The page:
STORY BY OLIVIA HEWANG AND DANA HUCH, PHOTO BY TOMOKI CHIEN
Dasha Korepanova used to sell her character designs in exchange for virtual currency in a video game. Now, the Los Altos junior is inundated with so many requests for commissions — paid in real money, not in-game “spuds” — that it’s become difficult for her to manage during school.
“I would sell my stuff for 10 cents and hope and pray that it sold,” Korepanova said. “Now, it’s surprising to me how many people want to support my stuff.”
Korepanova primarily uses Instagram to share her work, posting what she described as a mix of animal character design and fan art. Recently, her following on Instagram has grown, rising from 300 followers to 400 in just one month.
But she said numbers have never been her focus — it’s interacting with her fellow artists and followers that brings her the most joy.
“It’s really nice seeing how the same people come back to your posts,” Korepanova said. “The same people say, ‘Wow, I love this,’ ‘This made my day,’ and I think just building that tiny community of people who really like my art is what means a lot to me.”
Community has always been an essential part of Korepanova’s art. Before middle school, Korepanova said that her perception and involvement in the art scene was limited to doodling for fun and copying images off the Internet, but her friends changed that completely. She credits these friends for giving her the initial push that helped her get where she is now.
“When I met my friends, they showed me a different side to this whole art culture and how you can push yourself to make your own characters and your own designs,” Korepanova said.
The originality and quality of Korepanova’s art has mushroomed since those formative middle school years. Since then, her signature style has emerged; if you scroll down Korepanova’s Instagram page, you’ll see a variety of whimsical creatures done in a style that she describes as “muted and painterly.”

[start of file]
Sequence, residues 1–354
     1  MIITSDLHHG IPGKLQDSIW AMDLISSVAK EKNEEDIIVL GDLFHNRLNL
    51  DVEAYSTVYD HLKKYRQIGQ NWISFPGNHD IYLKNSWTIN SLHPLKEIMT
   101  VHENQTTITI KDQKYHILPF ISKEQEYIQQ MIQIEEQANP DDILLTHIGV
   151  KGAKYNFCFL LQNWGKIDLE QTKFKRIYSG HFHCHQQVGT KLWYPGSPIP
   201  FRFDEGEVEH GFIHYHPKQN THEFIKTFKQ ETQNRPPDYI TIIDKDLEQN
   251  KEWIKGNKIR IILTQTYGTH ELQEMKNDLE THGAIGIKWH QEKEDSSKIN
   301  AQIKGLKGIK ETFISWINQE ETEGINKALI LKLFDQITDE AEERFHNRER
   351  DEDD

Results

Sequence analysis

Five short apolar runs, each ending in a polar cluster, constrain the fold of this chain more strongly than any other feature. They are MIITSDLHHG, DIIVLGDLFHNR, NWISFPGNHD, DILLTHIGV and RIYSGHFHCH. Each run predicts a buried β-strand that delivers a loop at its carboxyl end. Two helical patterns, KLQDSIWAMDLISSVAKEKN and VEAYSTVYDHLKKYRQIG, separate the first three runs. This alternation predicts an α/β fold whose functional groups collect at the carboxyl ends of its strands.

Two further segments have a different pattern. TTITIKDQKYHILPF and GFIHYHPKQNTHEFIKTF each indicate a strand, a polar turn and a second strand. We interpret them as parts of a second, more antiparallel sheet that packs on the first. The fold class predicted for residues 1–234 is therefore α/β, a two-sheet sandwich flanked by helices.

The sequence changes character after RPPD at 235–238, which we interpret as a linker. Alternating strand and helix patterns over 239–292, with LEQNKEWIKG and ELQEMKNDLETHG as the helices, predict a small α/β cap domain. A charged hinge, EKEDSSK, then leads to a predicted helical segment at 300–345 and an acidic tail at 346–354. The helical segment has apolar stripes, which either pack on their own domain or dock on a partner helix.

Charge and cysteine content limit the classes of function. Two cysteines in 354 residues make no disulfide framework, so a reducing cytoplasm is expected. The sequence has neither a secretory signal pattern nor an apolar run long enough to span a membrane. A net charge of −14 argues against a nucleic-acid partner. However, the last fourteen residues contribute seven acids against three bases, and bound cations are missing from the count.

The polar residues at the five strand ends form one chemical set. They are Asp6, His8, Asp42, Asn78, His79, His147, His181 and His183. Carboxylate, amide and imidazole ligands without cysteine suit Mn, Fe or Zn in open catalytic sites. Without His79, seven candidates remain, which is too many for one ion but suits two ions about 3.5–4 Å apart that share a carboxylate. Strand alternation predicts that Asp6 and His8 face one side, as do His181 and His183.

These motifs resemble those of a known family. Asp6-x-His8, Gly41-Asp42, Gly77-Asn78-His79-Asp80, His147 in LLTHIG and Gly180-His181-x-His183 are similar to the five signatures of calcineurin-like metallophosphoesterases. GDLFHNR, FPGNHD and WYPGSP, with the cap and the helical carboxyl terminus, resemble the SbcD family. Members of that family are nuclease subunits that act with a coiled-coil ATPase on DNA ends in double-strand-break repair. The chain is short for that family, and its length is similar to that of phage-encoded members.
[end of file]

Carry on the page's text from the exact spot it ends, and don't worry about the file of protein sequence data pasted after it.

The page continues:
But sticking to a consistent style has always been less important than evolution to Korepanova, who said she’s constantly tinkering with her visual approach and embracing experimentation.
“I feel like [art style] always evolves no matter how good your art gets, because you always are influenced by the things around you,” Korepanova said.
When Korepanova invents a mythical creature, she considers human qualities as well, incorporating distinct personalities that influence the creature’s pose, coloring and visual quirks.
For commissions, clients often give Korepanova a personality profile to work with, but she said she also likes to add her own touch of “snarkiness” and mischief to her creatures.
“It’s a selling factor because people really like to connect with them on an emotional level,” she said. “That’s usually what gets someone to buy it.”
Despite her early success, Korepanova’s parents have reservations about her desire to pursue art as a career, but Korepanova attributes that uncertainty to misconceptions about the scope of artists’ work.
“A lot of people think art as a job can only be where you sell your paintings to an art exhibit … but that’s not what modern artists do,” Korepanova said. “I don’t think [they] understand that art and design can be found pretty much anywhere.”
Korepanova said her dream career is creating concept art for video games, movies and television shows. She isn’t under any illusions about the less-glamorous side of the job — expecting she’d be assigned to “draw 40 different rocks” — but she’s fascinated by the possibility of showing her character designs to a broader audience through the mainstream entertainment industry.
“Having the freedom to draw a bunch of different characters and concepts and trying to represent a certain idea would be the closest to what I do now,” Korepanova said.
But until then, Korepanova is focused on experimenting with new techniques and improving as an artist.
“My goal right now is just to find [a style] that I’m happy with and to grow and explore more and just get better,” Korepanova said.